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The House proved it can be bipartisan

January 18, 2001
By: Renny MacKay
State Capital Bureau

Two weeks into the legislative session the Missouri House is looking like a lovefest.

This after the leadership of both parties in the House came together to draft the rules for the House.

Renny MacKay has more from Jefferson City.

Story:Renny MacKay
RunTime:
OutCue: SOC

Earlier this week Republicans said they expected a fight over the rules that govern the House, but instead of a fight both parties voted together.

Actuality:Crump
RunTime: :03
OutCue: "still afloat"
Contents: He says the "Loveboat is still afloat."

Wayne Crump is the Democrats leader in the House and says he's never seen unanimous approval of the rules before and is happy with the compromise the parties reached.

Catherine Hanaway, the Republicans leader in the House, says the parties only came to an agreement last night when the Democrats gave up some power.

Actuality:Hanaway
RunTime:
OutCue: "in the rules."
Contents: She says the speaker gave up some power and allowed the Minority leader to name people to conference committees. This was putting action to the rhetoric about bipartisanship.

Both parties will now start naming people to House committees.

From Jefferson City I'm Renny MacKay.


The Missouri House seemed poised for a partisan battle over its rules, but instead the parties came together to unanimously support the rules.

Renny MacKay has more from Jefferson City.

Story:Renny MacKay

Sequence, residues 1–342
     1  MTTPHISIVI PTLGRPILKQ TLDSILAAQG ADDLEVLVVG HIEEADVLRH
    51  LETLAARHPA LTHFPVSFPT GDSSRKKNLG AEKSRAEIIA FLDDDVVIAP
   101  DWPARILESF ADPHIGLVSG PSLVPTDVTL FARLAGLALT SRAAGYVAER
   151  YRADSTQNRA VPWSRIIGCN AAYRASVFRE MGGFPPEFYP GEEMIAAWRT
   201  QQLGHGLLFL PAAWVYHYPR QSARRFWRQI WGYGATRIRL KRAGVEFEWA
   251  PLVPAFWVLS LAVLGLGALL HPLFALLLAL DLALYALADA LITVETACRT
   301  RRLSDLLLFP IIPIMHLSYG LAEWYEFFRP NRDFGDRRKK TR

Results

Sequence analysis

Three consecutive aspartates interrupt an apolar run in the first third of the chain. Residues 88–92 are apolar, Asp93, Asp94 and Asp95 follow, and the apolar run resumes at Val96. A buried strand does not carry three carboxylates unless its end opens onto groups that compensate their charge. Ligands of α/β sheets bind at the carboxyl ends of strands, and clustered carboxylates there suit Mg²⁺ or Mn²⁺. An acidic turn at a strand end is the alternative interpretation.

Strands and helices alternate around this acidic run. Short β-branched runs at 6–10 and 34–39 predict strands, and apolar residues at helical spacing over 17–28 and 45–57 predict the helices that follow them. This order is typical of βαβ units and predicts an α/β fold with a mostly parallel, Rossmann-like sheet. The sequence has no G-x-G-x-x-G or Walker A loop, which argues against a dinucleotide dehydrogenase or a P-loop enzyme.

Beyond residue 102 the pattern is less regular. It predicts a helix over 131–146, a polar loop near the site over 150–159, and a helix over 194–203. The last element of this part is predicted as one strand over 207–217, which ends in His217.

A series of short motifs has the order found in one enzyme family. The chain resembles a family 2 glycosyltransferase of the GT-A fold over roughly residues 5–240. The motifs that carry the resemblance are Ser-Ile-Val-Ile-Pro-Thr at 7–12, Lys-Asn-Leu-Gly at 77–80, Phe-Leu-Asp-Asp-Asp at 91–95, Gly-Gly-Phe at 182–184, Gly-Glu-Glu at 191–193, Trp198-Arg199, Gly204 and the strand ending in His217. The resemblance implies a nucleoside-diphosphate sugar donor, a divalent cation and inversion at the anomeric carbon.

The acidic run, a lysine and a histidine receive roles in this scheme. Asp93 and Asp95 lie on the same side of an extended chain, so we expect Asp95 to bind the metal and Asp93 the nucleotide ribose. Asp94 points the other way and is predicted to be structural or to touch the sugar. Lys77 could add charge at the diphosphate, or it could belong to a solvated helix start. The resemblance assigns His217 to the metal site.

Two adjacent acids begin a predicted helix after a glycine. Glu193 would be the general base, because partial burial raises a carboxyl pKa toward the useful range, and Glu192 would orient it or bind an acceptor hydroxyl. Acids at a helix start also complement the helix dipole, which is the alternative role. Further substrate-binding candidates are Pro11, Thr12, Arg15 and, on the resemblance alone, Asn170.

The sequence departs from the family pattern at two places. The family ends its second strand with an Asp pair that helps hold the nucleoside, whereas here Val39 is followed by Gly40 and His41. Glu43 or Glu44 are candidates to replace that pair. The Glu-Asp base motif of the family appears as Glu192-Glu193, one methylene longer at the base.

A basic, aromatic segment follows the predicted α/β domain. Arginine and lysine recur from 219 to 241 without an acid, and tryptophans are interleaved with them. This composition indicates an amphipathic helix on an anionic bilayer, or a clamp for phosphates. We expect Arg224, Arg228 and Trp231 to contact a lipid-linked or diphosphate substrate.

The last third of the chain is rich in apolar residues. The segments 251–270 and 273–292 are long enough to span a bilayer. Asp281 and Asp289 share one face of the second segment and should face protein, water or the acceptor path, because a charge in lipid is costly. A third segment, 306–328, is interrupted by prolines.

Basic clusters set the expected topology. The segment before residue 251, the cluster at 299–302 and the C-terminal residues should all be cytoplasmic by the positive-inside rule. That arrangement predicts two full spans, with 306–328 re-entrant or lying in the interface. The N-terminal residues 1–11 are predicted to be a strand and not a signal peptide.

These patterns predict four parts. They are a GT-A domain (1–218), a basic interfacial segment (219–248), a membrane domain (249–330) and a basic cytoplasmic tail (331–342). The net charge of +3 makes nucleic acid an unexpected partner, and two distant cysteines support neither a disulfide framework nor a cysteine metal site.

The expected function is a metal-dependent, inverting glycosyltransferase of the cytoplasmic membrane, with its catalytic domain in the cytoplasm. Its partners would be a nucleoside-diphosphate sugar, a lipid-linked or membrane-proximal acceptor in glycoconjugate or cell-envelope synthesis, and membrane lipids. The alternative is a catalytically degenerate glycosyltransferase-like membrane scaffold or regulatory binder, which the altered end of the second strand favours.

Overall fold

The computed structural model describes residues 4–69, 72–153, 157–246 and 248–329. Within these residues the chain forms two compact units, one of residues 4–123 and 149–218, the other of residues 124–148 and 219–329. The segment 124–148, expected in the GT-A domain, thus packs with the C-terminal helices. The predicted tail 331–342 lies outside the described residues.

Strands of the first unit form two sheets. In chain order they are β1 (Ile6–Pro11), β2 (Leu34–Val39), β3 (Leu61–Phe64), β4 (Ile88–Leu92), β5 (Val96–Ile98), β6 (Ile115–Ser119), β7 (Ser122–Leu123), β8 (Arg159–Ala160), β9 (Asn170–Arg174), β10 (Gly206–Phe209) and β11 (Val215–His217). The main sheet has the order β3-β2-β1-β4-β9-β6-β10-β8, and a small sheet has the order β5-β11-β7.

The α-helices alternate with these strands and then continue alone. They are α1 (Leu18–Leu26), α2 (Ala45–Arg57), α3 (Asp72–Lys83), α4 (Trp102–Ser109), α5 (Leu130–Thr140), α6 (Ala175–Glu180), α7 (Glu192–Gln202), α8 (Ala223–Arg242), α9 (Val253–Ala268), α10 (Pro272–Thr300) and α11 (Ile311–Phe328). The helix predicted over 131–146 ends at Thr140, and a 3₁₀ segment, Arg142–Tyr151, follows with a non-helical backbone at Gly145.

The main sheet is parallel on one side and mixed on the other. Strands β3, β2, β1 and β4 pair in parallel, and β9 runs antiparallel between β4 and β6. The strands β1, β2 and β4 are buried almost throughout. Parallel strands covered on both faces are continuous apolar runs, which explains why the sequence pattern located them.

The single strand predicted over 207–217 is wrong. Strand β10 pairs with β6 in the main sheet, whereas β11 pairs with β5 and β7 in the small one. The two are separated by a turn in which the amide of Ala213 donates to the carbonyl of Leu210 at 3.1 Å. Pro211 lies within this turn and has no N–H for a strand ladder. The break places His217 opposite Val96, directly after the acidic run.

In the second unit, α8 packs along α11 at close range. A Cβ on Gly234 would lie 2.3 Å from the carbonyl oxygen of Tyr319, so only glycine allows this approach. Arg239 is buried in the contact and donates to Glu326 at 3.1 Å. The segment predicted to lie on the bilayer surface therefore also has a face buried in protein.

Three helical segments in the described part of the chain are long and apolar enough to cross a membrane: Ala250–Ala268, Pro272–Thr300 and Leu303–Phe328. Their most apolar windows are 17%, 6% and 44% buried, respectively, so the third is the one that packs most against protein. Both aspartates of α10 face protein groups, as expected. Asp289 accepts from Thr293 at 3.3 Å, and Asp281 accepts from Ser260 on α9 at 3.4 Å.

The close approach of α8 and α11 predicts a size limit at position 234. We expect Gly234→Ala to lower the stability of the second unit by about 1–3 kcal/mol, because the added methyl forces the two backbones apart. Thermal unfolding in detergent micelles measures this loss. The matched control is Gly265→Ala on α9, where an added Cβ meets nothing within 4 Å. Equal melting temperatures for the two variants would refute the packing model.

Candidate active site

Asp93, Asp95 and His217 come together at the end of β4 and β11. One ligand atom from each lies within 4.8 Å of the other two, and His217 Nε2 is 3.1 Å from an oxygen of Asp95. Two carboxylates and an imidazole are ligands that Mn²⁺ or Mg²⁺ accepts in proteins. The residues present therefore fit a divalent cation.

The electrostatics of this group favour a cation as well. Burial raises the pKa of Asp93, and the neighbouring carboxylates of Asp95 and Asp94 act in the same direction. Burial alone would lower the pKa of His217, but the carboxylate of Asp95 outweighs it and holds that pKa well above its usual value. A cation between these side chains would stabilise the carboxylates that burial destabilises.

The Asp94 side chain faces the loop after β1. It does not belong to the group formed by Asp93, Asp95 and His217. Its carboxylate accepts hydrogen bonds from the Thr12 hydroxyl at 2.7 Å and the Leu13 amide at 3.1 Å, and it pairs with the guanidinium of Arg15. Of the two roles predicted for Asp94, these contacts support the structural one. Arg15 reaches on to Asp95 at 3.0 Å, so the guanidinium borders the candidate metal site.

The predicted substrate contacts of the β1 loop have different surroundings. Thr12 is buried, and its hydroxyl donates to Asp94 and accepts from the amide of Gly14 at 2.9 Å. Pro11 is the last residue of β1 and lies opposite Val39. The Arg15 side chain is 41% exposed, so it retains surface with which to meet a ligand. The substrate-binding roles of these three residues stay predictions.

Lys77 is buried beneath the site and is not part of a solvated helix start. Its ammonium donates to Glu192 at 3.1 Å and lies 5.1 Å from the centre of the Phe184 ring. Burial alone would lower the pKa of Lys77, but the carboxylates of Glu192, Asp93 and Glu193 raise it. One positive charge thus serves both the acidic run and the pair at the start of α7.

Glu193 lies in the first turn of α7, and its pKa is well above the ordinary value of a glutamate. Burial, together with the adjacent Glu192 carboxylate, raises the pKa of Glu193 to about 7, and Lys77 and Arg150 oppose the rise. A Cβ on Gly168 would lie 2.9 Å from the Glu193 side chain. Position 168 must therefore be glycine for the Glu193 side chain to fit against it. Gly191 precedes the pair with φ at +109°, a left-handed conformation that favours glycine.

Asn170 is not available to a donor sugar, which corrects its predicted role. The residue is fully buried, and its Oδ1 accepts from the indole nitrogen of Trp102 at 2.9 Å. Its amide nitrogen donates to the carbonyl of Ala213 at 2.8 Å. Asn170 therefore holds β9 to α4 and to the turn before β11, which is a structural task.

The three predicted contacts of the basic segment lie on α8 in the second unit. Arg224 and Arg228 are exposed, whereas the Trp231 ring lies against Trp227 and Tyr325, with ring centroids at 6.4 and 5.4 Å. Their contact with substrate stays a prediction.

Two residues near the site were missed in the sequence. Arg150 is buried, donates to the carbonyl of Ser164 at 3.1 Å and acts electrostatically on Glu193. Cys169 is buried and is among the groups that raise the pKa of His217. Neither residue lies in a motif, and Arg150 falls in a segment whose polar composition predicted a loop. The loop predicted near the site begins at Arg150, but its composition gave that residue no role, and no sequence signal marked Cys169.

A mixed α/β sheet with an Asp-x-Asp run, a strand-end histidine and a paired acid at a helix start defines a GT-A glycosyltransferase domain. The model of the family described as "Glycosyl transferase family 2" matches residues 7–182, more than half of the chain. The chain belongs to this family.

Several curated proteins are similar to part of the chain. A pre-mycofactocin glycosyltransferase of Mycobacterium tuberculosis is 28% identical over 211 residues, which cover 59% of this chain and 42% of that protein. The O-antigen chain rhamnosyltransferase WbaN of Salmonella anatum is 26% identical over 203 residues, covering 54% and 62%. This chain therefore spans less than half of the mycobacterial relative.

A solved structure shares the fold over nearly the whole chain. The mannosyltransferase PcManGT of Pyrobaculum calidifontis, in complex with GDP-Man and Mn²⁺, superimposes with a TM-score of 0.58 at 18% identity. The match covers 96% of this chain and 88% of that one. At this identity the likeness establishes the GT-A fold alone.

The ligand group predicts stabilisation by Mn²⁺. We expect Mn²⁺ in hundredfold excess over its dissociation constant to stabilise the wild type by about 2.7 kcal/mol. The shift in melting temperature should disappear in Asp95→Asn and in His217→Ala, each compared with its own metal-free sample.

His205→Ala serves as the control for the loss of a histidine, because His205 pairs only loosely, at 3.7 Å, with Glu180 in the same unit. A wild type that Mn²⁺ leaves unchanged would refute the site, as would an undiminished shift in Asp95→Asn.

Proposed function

RunTime:
OutCue: SOC

Wayne Crump the Democrats leader in the House says that during his 19 years as a lawmaker he doesn't remember a unanimous vote on the rules of the House.

He also says that this year was an especially important year to have cooperation between the parties.

Actuality:Crump
RunTime:
OutCue: "."
Contents: He says that the leaders of the party started the year by reinforcing how important it was to work with the Republicans and the vote on the rules looked as though they would present a problem for the parties.

The Republican leaders say the Democrats made an important compromise giving them some new power to name members of conference committees.

From Jefferson City I'm Renny MacKay.


Missouri's House survived its first test of bipartisanship as leaders of both parties compromised to approve the rules of the House and started the legislative session rolling.

Renny MacKay has more from Jefferson City.

Story:Renny MacKay
RunTime:
OutCue: SOC

Negotiations over the rules governing the House got underway in November, but it wasn't until last night that the House leaders of both parties came to a compromise.

Republican Catherine Hanaway is the Minority House Leader and she spoke on the floor before the unanimous vote to approve the rules.

Actuality:Hanaway
RunTime: :25
OutCue: "fight today."
Contents: She congratulates the Speaker of the House and the Majority House leader as well as members of her party for their efforts on finding a compromise about the rules and avoiding a fight.

The session can now start as party leaders will name committee leaders and members.

From Jefferson City I'm Renny MacKay.